Conner Burns is a studio artist in Natchez, Mississippi ... but that was not always the case. Once upon a time there was an active and curious child named Conner Burns.
His father made pottery when he was a child; but young Conner showed little interest in clay. His interest instead was in the natural environment ... exploring the woods was his main focus, but he also enjoyed attending art festivals with his father. Art festivals, theatre and the Burns home filled with art were the variables that produced an understanding in this child that ‘art is a part of life rather than simply entertainment’.
This active child grew older (and hopefully wiser) and after completing his master’s degree in biomechanics he worked in Health and Wellness (while constantly retreating to his studio to create art - yes - his love of creating art had developed). Eventually Conner stepped out of the predictable life and departed the corporate world; the new adventure of working full time in art was his choice.
His first two years were spent helping start a teaching studio as the artist-in-residence at Red Star Studios in Kansas City. Conner then returned to his hometown of Natchez and established his personal studio ... traveled to participate in art festivals throughout the US ... taught workshops across the country ... opened his own gallery ... founded Natchez Clay (a community clay studio) and founded the Natchez Project (an artist residency program). As you might guess, Conner was busy. In fact, more busy than he desired ... so he started to refine his focus. How? He stopped participating in art festivals and sold Natchez Clay (to his students, and yes he still teaches there). This helped him focus his time in the studio on new art, new techniques and new materials … and his time out of the studio was focused on a very limited number of workshops and a equally limited number of exhibitions at exceptional galleries and museums.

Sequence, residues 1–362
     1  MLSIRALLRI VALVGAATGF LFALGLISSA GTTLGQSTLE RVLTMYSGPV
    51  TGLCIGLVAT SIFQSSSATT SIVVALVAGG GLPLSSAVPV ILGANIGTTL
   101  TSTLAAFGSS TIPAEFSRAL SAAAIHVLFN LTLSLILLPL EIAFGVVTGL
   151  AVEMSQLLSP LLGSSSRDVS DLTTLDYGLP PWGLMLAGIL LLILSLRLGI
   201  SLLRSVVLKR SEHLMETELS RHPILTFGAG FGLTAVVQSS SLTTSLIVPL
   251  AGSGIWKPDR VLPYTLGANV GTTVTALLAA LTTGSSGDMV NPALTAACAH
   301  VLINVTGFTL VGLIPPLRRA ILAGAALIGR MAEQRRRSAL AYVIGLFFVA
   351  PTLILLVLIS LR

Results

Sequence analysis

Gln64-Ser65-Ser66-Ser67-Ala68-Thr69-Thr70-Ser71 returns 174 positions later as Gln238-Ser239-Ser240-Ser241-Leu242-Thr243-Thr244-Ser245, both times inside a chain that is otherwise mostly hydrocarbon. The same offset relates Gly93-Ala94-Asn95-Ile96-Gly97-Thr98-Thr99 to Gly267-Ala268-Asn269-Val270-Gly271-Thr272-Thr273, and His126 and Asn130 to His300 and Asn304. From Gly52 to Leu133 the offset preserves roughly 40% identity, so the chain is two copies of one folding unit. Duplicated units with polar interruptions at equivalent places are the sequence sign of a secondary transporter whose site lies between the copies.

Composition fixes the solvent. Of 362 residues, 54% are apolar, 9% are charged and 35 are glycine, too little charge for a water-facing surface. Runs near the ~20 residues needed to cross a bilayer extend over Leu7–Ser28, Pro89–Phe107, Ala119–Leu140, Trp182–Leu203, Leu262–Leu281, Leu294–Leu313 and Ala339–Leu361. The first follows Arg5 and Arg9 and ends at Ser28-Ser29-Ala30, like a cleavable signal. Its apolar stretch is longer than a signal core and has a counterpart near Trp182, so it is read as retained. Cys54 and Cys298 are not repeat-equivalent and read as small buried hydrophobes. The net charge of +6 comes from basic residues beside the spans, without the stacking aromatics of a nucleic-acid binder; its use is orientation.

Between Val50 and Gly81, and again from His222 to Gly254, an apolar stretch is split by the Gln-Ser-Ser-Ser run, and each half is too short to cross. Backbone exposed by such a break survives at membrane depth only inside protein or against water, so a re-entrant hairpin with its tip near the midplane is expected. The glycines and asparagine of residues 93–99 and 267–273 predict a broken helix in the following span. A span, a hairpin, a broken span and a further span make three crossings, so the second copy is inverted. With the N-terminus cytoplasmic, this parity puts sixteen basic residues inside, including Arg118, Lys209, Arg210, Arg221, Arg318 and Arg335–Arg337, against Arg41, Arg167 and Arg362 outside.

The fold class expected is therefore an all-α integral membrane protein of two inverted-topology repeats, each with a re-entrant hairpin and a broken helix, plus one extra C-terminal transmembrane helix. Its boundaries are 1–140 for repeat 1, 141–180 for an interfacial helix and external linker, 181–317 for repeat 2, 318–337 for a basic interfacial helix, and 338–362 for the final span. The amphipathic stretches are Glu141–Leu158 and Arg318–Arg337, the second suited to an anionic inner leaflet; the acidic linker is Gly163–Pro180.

Conner’s work continued to change ... his functional vessels became more sculptural and purely sculptural items were added to the mix. That child that enjoyed the outdoors and art still enjoys both. He continues to makes time to explore the natural environment, experience the artwork of others and make his own art. His studio is his retreat ... his creative world.
The child has grown older, but still appreciates the rich subtleties and organic influences that dominate the natural environment and are important in his art. Conner’s intention is for his work to look as if it grew that way – rather than being ‘made’. Texture, both visual and tactile, are components that are used to encourage you to take a closer look - to reach out and touch.